Intra-participant variability in clinical conditions such as autistic spectrum disorder (ASD) is an important indicator of pathophysiological processing. The data reported here illustrate that trial-by-trial variability can be reliably measured from EEG, and that intra-participant EEG variability is significantly greater in those with ASD than in neuro-typical matched controls. EEG recorded at the scalp is a linear mixture of activity arising from muscle artifacts and numerous concurrent brain processes. To minimize these additional sources of variability, EEG data were subjected to two different methods of spatial filtering. (i) The data were decomposed using infomax independent component analysis, a method of blind source separation which un-mixes the EEG signal into components with maximally independent time-courses, and (ii) a surface Laplacian transform was performed (current source density interpolation) in order to reduce the effects of volume conduction. Data are presented from 13 high functioning adolescents with ASD without co-morbid ADHD, and 12 neuro-typical age-, IQ-, and gender-matched controls. Comparison of variability between the ASD and neuro-typical groups indicated that intra-participant variability of P1 latency and P1 amplitude was greater in the participants with ASD, and inter-trial α-band phase coherence was lower in the participants with ASD. These data support the suggestion that individuals with ASD are less able to synchronize the activity of stimulus-related cell assemblies than neuro-typical individuals, and provide empirical evidence in support of theories of increased neural noise in ASD.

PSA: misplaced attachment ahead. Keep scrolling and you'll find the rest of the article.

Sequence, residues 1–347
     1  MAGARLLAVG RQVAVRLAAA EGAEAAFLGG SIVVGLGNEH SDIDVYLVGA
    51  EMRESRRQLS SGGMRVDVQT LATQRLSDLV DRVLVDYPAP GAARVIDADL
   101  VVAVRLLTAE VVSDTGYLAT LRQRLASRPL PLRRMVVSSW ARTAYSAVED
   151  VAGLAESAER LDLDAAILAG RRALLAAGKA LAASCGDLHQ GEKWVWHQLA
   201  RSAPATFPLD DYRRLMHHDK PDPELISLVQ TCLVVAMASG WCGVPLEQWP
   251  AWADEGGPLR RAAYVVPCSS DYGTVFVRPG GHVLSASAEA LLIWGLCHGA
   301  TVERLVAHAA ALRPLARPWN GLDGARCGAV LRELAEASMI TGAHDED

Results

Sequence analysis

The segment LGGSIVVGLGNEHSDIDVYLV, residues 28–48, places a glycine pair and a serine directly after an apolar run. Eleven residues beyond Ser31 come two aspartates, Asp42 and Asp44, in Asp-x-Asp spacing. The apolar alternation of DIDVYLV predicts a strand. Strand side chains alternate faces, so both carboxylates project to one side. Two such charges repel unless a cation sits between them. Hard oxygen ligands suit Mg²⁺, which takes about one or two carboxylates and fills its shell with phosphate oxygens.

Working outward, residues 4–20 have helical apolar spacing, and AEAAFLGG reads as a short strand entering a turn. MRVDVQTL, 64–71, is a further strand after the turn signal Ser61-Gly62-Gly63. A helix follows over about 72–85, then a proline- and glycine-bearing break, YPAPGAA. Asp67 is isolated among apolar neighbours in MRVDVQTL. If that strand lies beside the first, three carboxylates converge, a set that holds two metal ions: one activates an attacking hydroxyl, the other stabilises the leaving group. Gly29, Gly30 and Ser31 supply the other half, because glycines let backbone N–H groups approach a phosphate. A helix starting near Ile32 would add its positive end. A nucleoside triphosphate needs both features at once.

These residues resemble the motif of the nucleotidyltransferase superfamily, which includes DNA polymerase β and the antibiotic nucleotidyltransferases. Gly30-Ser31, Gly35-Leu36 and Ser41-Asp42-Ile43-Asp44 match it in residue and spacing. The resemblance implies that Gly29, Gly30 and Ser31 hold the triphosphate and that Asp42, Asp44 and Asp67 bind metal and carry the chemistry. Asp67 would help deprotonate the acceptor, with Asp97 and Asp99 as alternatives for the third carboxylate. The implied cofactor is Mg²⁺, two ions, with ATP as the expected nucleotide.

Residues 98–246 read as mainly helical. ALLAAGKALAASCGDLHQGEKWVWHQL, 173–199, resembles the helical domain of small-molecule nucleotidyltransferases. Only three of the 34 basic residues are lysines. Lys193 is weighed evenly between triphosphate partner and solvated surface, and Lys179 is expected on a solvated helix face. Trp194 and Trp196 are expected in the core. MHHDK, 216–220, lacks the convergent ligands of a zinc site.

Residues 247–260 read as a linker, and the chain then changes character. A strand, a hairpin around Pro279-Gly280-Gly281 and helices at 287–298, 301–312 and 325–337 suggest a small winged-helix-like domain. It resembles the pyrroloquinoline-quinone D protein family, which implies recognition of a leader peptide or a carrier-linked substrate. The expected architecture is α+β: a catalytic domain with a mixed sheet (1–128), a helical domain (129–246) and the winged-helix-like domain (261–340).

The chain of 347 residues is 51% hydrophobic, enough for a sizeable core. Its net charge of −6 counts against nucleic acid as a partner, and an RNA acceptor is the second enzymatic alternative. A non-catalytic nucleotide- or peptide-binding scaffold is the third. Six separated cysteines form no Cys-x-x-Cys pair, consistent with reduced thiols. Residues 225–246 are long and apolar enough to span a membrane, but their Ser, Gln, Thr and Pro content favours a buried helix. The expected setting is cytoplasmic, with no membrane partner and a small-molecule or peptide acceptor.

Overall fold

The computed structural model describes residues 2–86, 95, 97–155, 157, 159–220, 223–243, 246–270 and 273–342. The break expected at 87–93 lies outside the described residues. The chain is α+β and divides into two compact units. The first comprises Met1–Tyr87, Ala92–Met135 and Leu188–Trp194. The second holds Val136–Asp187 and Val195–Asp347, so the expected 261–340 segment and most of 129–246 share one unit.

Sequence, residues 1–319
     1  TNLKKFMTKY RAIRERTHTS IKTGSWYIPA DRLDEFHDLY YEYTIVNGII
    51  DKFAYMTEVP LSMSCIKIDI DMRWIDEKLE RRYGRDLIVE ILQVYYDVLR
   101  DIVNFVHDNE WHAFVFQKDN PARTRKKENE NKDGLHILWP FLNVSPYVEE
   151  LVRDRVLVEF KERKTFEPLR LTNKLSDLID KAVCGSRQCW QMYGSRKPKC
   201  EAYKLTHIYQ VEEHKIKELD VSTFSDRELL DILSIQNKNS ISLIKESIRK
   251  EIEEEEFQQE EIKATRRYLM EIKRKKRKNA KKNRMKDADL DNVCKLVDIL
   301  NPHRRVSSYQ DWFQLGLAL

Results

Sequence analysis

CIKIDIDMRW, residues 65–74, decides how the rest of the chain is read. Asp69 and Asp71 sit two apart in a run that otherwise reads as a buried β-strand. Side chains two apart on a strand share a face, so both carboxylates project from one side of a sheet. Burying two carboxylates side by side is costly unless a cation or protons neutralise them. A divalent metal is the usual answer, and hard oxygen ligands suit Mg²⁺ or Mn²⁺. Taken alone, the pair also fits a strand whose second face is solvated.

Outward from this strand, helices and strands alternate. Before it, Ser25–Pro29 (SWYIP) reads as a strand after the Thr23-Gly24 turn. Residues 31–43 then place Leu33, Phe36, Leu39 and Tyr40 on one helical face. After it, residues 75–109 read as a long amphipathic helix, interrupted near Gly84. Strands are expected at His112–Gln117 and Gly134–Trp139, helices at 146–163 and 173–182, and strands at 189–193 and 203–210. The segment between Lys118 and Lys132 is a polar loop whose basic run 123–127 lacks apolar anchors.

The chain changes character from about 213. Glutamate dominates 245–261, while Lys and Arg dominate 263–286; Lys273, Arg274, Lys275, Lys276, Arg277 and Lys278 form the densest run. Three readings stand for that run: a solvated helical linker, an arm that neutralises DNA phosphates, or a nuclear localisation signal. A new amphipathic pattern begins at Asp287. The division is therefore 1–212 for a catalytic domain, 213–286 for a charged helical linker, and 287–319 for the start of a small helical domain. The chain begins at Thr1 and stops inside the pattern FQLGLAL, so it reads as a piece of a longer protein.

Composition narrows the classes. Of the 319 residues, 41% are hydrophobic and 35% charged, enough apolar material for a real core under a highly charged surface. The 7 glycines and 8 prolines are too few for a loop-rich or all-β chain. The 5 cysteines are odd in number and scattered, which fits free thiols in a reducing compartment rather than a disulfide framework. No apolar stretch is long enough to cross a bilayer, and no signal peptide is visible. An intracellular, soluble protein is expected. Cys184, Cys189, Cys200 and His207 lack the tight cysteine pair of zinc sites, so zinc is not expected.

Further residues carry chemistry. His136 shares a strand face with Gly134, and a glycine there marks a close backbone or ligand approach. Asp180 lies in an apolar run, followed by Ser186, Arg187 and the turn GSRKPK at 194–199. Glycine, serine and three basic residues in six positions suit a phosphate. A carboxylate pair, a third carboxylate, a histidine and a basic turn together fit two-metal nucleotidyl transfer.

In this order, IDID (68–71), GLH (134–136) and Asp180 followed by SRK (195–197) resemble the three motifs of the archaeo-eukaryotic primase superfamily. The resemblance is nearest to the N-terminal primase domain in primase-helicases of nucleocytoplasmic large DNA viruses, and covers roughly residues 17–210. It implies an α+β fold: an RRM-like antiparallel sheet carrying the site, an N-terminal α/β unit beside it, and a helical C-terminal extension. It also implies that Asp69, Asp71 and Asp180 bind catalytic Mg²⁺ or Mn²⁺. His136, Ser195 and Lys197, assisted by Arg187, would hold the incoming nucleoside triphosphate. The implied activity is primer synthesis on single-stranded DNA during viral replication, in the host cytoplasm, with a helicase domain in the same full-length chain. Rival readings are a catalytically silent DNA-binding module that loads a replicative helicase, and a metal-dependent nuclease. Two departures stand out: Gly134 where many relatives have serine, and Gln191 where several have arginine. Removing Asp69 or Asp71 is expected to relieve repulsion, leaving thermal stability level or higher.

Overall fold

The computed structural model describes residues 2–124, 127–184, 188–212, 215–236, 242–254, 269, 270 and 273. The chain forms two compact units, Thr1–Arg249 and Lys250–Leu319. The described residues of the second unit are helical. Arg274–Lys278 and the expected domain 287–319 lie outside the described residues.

Keywords: EEG; alpha; autism; noise; perception; phase-locking; synchrony; variability.